The method 20 proceeds to a step 35 in which a cryptographic signature of the hash value is generated with a private key. In more detail, a key generation algorithm may be used to generate a pair of cryptographic keys: a private key and a public key. In some embodiments, the private key and the public key are the only two factors of a large prime number. The sender of an electronic document keeps the private key to himself, but he can freely distribute the public key to other entities, for example to the intended recipients of his electronic documents. The hash value generated in the step 30 is encrypted by such a private key, the result of which is the cryptographic signature.

The method 20 then proceeds to a step 40 in which the cryptographic signature is appended to the electronic document. A digital certificate may be used to append the cryptographic signature to the electronic document. The digital certificate may be issued by a certificate authority and may contain the public key and a variety of other identification information. Once the cryptographic signature is appended to the electronic document, a digitally signed electronic document is ready for transmission.

Referring now to FIG. 2, a flowchart of a method 50 of a cryptographic verification is shown. The method 50 includes a step 55 in which the digitally signed electronic document is received by a recipient. The digitally signed electronic document may be separated into a body portion (which is the document itself) and a digital signature portion. The method 50 proceeds to a step 60 in which the body portion of the electronic document is processed by the same hash function used in the step 30 of the method 20. This produces a first hash value.

The method 50 proceeds to a step 70 in which the digital signature is verified using a public key obtained separately from the sender and the hash value calculated in step 60. If the electronic document has not been tampered with during transit, the first hash value and the second hash value should be identical. On the other hand, if the electronic document has been tampered with, even if the change was very minor, the first hash value will be significantly different from the second value. In this manner, the recipient of the electronic document can determine whether the sender's electronic document has been securely transmitted.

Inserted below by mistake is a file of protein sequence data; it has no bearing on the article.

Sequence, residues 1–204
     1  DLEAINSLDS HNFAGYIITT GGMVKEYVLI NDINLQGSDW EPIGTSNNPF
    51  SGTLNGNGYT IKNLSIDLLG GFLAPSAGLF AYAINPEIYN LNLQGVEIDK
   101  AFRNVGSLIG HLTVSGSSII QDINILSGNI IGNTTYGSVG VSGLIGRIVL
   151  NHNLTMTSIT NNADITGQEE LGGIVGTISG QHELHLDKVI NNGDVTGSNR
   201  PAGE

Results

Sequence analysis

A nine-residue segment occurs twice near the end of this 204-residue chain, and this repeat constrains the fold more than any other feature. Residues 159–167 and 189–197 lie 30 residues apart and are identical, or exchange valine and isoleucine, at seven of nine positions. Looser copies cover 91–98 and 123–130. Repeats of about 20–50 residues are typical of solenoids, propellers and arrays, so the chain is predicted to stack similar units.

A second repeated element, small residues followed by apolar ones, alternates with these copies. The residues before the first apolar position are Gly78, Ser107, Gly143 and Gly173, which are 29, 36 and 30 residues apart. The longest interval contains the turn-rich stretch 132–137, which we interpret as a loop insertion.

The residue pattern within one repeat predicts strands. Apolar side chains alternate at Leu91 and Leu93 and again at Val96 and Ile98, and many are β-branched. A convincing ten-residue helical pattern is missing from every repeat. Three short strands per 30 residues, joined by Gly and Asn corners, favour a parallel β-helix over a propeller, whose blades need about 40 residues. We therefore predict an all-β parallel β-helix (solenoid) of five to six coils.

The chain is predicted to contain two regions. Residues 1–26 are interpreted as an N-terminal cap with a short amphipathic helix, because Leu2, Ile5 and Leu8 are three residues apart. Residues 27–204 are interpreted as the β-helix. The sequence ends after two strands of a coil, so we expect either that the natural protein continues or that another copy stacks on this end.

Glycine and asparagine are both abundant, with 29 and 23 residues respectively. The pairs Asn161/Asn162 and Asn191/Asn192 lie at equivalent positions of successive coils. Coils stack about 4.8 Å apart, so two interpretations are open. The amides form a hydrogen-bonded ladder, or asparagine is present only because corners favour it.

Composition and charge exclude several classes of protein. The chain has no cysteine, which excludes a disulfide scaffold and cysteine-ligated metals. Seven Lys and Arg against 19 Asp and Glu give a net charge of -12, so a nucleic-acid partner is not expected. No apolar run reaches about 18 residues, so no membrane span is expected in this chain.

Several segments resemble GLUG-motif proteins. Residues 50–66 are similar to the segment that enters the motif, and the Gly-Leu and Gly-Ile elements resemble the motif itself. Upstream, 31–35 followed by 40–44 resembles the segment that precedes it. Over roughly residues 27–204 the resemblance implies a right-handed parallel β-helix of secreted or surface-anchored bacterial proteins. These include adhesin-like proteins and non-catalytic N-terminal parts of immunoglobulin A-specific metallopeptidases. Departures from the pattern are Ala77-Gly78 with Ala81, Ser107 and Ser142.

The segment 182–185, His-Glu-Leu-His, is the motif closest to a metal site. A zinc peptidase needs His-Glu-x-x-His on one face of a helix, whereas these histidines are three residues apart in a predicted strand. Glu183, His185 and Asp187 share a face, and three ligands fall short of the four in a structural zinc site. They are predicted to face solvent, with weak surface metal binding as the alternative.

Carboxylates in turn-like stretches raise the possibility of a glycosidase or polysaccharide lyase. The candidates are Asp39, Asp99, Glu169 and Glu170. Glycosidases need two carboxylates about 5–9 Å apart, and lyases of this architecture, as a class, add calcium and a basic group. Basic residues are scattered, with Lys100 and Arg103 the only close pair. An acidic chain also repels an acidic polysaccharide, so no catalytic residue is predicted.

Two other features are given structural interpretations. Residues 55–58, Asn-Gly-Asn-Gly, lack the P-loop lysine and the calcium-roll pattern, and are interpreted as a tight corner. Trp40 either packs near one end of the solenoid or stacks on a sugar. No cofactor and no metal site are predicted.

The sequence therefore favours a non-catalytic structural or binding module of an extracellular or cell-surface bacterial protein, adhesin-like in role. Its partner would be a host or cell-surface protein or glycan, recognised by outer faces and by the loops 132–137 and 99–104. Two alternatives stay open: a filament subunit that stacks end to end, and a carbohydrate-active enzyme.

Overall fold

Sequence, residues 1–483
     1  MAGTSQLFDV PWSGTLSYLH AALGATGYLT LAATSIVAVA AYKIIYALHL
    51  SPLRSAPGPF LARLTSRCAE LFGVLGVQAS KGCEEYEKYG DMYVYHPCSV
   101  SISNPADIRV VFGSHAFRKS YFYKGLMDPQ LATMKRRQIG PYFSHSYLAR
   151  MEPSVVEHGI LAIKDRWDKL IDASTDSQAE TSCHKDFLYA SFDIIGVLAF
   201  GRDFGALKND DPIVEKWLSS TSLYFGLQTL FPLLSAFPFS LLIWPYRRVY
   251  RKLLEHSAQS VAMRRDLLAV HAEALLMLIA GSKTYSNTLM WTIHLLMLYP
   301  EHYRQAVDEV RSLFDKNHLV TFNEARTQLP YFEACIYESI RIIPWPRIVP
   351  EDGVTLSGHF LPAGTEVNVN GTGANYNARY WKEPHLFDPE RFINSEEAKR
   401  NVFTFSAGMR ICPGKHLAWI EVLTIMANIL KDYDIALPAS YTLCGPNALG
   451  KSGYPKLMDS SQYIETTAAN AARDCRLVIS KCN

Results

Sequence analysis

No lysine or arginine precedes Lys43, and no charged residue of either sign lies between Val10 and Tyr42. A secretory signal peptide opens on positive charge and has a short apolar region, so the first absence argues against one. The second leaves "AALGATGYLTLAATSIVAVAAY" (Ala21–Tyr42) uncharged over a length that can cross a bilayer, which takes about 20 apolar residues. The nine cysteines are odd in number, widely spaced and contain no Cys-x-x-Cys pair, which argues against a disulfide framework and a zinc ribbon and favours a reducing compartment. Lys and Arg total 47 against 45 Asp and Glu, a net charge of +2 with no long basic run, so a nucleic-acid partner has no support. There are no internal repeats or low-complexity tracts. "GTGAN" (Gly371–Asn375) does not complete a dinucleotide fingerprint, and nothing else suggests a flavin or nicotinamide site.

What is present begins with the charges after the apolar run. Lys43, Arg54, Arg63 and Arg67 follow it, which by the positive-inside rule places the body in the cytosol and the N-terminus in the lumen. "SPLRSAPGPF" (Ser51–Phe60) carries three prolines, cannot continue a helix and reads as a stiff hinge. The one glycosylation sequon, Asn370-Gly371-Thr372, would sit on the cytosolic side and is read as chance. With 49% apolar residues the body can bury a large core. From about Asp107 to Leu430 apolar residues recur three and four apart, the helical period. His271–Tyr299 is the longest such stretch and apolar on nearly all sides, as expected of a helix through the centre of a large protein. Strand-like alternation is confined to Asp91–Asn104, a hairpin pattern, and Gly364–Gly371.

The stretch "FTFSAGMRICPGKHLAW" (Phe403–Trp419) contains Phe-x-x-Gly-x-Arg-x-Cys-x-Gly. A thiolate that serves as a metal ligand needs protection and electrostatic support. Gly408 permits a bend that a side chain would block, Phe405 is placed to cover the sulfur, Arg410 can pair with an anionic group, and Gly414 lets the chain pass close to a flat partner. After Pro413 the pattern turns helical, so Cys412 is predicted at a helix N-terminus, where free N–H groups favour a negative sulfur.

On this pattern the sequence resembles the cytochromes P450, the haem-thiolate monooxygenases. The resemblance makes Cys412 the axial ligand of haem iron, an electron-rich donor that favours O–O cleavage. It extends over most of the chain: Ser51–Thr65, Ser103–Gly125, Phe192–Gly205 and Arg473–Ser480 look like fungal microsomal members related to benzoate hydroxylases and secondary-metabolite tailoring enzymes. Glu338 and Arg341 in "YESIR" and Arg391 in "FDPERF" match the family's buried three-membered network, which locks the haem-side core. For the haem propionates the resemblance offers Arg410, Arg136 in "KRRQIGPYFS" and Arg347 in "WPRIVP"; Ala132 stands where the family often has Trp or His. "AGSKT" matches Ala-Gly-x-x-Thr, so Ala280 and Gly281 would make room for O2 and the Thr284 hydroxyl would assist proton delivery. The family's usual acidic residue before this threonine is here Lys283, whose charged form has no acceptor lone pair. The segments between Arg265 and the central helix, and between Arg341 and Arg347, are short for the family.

FIG. 3 is a block diagram of an example system for verifying the integrity of user check-ins according to various aspects of the present disclosure. Referring to FIG. 3, a block diagram of a venue 100 is illustrated. The venue 100 may be privately owned by a merchant, such as a store, a restaurant, a bar, an entertainment facility, etc. The venue 100 may also be publicly owned, such as a library, a park, a government building, a school, etc. For ease of reference, an operator or owner of the venue 100 may thereafter be referred to as the venue 100.

To increase the popularity or visitor traffic of the venue 100, the venue 100 may participate in a check-in scheme discussed above, for example in a social media context. In other words, the venue 100 will allow its visitors to announce their check-ins at the venue through a social media channel. The venue 100 will keep track of the number of visits by each visitor, and the venue 100 may also give rewards to frequent visitors who meet or exceed a predetermined number of check-ins.

To prevent fraud in the check-in process, the venue 100 subscribes to a check-in monitoring service offered by a service provider 110. The service provider 110 may be a third party payment provider (e.g., PAYPAL, INC®. of San Jose, Calif.), or another suitable entity. The service provider 110 has a computer server 120 that is configured to electronically communicate with external devices as well as process electronic information. In some embodiments, the server 120 provides and/or runs a check-in application software (or “app”).

The venue 100 installs the check-in app on one of its computers. The check-in app generates a public/private key pair. The private key remains local (i.e., known only to the venue 100). The public key is electronically sent to the server 120 of the service provider 110, which stores it therein and associates the public key with the venue 100's account. The venue 100 also installs an NFC tag device 130 inside its facility. For example, if the venue is a restaurant, the NFC tag device 130 may be installed on a wall by the entrance. The NFC tag device 130 may be a read-write tag device. The NFC tag device 130 is operable to establish radio communication with other NFC device in close proximity, for example within a few centimeters.